Josh has ventured even further into the political realm. In the aftermath of the Brexit vote, his call for an independent office to monitor political campaigns garnered over 160,000 signatures. And now he’s is standing for parliament.
Ruth Ibegbuna founded Reclaim to address the dearth of working class voices at the top. She set up the charity in Moss Side, Manchester, to support and amplify the voices of working class young people.
Ruth explains why this work is so important:
“When one single school can educate so many leaders, from the same narrow socio-economic backgrounds, how can we say we have a political system that works for all?”
She’s also criticised other sector leaders who fail to call out the political decisions that lead to the very social injustices they address in their day jobs:
“I am incredulous that social entrepreneurs can separate themselves from their politics. It feels like a time of seismic political and social change and silence around these issues for me is impossible. I’ve definitely run into trouble from those who feel I should be seen but not heard.”
Despite plaudits from government, Ruth has remained fiercely independent, free-thinking and principled.
Sophie Slater is co-founder of Birdsong, an ethical fashion brand with a ‘no sweatshops, no photoshop’ ethos. Sophie, who has Ed Milliband’s immortal words Tuff Enuss tattooed on her arm, is unashamedly political. She cites “the gaping wounds left by austerity on the women’s sector” as one of the reasons she set up Birdsong.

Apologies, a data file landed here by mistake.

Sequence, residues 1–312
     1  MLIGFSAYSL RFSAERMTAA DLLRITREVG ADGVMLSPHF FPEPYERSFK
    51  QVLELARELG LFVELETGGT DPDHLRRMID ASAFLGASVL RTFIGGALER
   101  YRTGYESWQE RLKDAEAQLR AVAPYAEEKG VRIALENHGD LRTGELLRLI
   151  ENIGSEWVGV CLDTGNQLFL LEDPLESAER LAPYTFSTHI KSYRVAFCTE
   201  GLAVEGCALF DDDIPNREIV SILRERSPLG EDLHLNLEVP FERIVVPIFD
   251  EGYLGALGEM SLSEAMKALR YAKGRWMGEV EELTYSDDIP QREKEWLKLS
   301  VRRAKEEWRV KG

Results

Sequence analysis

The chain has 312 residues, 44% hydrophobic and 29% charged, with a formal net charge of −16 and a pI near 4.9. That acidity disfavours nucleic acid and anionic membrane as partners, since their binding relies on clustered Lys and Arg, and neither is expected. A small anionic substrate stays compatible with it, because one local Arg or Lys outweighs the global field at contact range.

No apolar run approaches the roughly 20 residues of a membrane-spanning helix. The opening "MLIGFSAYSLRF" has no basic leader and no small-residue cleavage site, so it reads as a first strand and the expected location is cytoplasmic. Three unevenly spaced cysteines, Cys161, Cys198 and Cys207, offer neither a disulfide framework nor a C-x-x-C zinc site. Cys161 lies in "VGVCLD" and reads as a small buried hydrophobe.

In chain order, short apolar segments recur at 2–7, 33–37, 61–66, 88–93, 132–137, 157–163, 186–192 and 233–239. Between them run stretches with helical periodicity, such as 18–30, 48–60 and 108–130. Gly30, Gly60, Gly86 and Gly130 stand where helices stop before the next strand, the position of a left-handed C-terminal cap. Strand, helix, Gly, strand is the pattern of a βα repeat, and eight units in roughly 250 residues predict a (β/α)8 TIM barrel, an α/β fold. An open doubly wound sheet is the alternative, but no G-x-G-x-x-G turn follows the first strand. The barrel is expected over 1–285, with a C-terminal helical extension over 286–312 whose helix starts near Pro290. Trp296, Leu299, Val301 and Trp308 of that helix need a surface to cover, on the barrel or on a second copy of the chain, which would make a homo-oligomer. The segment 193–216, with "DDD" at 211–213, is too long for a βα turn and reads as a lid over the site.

Despite receiving advice to tone down her opposition to austerity and the ravages of capitalism, Sophie hasn’t held back from sharing her views in her writing about the fashion industry (read her on Beyonce’s Ivy Park line in The Guardian, Greenwashing in Vice and the women’s sector in Vogue).
“Employers can manipulate the political atmosphere and language barriers to dock workers pay or make them work overtime. We’ve been vocal about this. Some UK garment workers are being paid just £3.50 per hour.”
Birdsong uses sustainable materials and has thoughtfully built an ethical supply chain of women’s groups paid a living wage. Their No Borders and Still Friends t-shirts promote anti-racist and pro-immigrant messages. Even Birdsong’s postage and packaging is undertaken by people with learning disabilities. From marketing to manufacturing, Birdsong is a demonstration of an alternative model. They are building the world as it should be – and this gives them the legitimacy to call for wider change.
With UK politics in turmoil and faith in politicians at an all time low, it’s time for social enterprise to get political. With this in mind, our 24 hour challenge this year is to tackle voter apathy in Barking, East London. We chose Barking as it holds two, somewhat dubious, accolades:
- A Trust for London report found it to be London’s most poverty-striken borough; and
- In 2017, it had the lowest voter turnout of any London constituency.
It’s ironic (or, perhaps, completely explicable) that the kind of area that could most benefit from political attention has the least faith in politics.